How’s your child’s self-esteem?

Practical tips to boost confidence in little ones

Self-esteem is one of the most important values we can have. It is that special thing that helps us all to make good choices in life, to take care of ourself and to surround ourself with positive people and energy.

 

The old adage rings true: respect yourself first if you want others to show you respect.

 

Values learned early in life tend to form the foundation of your life

 

As adults one of the best ways to encourage the children in our lives to have confidence and high self-esteem is by having these qualities ourselves. Children will often mimic their parents and caregivers, and they look to us as an example to follow.

 

When they see their parent’s taking time to prepare healthy meals,  to exercise, to be well- groomed and to enjoy their favorite hobbies – all things that show  respect for oneself, it creates a positive example for the child. “If mommy cares about herself enough to eat foods that make her healthy, and to take time to read her favorite books, that’s something that I want to do, too.” These lessons learned early in life often forms the foundation by which a young person lives their lives.  As adults we have learned that having respect for ourselves impacts personal and professional relationships, physical health and emotional well-being, education and learning, and our ability to be happy and fulfilled in life.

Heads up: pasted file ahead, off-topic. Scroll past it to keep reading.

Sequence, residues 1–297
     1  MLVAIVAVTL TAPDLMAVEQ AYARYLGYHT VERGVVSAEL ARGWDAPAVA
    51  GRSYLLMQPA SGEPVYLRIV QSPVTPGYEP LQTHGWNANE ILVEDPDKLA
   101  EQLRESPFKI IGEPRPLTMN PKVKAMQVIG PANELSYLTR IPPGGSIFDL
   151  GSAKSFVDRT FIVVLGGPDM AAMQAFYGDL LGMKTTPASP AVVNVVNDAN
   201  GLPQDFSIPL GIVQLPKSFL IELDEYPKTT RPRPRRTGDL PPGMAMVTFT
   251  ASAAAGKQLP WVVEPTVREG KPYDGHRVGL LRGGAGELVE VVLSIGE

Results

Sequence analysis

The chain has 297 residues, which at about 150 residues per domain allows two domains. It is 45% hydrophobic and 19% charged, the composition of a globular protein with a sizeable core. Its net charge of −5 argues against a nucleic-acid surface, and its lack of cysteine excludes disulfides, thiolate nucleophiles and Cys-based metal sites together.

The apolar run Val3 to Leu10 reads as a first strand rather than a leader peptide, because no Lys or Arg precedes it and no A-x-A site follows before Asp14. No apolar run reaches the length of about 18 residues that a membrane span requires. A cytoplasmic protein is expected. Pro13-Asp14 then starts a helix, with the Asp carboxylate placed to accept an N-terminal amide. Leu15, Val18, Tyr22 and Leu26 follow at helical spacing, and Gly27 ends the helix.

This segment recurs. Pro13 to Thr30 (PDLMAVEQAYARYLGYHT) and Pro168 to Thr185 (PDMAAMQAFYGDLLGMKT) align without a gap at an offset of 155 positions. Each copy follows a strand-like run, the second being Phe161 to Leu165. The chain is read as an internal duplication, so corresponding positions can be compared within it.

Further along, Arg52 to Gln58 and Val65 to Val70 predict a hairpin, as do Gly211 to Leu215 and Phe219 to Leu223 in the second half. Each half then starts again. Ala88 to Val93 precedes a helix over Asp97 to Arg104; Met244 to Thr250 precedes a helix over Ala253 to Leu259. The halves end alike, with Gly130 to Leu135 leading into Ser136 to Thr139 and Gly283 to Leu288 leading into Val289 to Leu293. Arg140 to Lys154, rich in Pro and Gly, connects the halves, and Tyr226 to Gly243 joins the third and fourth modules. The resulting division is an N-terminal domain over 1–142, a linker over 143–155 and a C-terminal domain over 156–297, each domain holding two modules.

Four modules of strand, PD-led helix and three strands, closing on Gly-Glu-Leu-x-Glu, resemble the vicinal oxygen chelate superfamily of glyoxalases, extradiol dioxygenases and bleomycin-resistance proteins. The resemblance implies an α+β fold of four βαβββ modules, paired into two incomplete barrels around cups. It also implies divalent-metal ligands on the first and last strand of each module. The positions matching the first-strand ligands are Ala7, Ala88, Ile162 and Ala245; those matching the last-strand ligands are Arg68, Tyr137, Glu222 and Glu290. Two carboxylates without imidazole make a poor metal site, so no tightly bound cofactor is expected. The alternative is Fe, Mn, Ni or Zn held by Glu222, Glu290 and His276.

When kids have low self-esteem, it can impact many areas of their lives. According to Kidshealth.org, “A child with low self-esteem may face challenges which can become sources of major anxiety and frustration. Kids who think poorly of themselves have a hard time finding solutions to problems. If given to self-critical thoughts such as “I’m no good” or “I can’t do anything right,” they may become passive, withdrawn, or depressed. Faced with a new challenge, their immediate response might be “I can’t.”

 

Sometimes it is hard to know how to help a child with low self-esteem. At I Can! Kids, we envision a world whre all children have the confidence and strength to dream big and achieve anything they set their mind to. Kids with confidence grow up and continue to achieve remarkable things in society. They can, in fact, change the world.